• Trademark Act, 1999

The TRIPS agreement was considered to be known as one of the most important multilateral trade agreements on Intellectual Property Law. India became its signatory member in 1995. India also signed the General Agreement on Trade and Tariffs in the year 1994 held in Uruguay and became one of the members of WTO. The signatory members of TRIPS were also bound by certain provisions of the Paris Convention. Subsequently, India signed the instrument of accession to the Paris Convention in the year 1998. In order to fulfill the compliance with the Paris Convention and TRIPS agreement, India enacted its first legislation “The Trademark Act, 1999” and “The Trademark Rules 2002” which came into force in the year 2003. The Trademark Act of 1999, includes the given important provisions with respect to “well-known trademarks”.

Section 11(2) of the act provides the guidelines for the protection of well-known trademarks. It states that the well-known trademarks from all classes of goods and services are to be protected. However, combinedly reading of clause (a) and (b) of Section 11(2) provides the denial of registration of a trademark if it is identical to a similar or an earlier trademark, or if it is similar to the trademark existing from earlier on the name of the different proprietor, or if it is a well-known trademark and the registration of the second one without proper reason will attract unfair advantage to the distinctive character, market repute of the earlier trademark.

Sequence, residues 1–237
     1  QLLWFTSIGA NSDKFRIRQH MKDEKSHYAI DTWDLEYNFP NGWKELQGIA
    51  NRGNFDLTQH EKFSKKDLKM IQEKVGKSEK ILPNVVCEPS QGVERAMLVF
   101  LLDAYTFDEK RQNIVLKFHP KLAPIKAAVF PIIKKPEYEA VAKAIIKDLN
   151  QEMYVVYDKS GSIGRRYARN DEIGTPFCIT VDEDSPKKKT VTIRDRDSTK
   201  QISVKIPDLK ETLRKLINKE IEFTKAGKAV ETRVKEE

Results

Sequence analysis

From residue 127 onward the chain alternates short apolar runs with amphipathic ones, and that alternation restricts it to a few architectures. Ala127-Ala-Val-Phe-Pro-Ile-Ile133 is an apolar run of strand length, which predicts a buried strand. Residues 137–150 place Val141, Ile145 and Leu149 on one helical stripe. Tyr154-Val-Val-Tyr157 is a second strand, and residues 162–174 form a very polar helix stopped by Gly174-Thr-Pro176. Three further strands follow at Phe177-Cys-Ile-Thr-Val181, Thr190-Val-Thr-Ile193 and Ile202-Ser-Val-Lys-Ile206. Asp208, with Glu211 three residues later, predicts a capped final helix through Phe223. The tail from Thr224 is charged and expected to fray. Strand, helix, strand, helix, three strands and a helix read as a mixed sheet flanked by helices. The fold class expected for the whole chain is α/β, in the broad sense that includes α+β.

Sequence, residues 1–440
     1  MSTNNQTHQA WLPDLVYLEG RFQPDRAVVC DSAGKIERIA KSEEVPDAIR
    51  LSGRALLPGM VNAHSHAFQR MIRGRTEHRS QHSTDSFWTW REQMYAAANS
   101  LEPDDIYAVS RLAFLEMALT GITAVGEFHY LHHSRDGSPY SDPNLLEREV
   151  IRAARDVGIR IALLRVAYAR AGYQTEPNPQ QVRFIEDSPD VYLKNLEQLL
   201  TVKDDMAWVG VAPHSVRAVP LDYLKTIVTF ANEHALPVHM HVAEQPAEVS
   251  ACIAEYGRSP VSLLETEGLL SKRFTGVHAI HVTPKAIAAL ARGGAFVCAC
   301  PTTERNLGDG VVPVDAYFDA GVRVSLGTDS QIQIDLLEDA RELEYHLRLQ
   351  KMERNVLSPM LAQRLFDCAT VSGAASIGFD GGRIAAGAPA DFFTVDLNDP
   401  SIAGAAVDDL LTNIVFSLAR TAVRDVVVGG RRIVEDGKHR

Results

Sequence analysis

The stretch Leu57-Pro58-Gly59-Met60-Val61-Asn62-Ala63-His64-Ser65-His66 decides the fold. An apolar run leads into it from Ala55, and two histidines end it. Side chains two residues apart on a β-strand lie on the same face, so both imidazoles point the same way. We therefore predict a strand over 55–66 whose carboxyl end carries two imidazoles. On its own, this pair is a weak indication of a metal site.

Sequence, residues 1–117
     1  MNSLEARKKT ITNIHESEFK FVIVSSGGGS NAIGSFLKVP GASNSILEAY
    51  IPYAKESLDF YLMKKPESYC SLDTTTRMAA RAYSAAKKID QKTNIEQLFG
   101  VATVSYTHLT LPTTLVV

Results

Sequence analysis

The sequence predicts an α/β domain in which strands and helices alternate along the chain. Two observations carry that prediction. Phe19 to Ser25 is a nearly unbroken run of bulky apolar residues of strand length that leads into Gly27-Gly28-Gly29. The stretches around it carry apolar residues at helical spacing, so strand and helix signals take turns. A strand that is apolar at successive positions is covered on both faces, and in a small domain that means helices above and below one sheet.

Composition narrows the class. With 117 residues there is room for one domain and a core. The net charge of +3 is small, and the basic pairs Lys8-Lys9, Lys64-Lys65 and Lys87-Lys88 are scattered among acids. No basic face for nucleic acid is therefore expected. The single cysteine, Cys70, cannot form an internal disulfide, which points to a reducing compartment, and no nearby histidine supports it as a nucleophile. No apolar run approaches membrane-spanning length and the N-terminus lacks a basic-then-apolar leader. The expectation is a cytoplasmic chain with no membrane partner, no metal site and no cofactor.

Section 11(6) of the Trademark Act deals with the provision of factor taking into consideration before the determination of a well-known trademark. In order to protect the well-known marks from malicious intention from infringement, a joint resolution concerning the protection of well-known trademarks was adopted by WIPO in the year 1999. India being a member adopted all these factors and enshrined them under Section 11 (6). These factors include:

  1. The knowledge or recognition of the trademark in relevant sections of the public including India which is obtained out of promotion;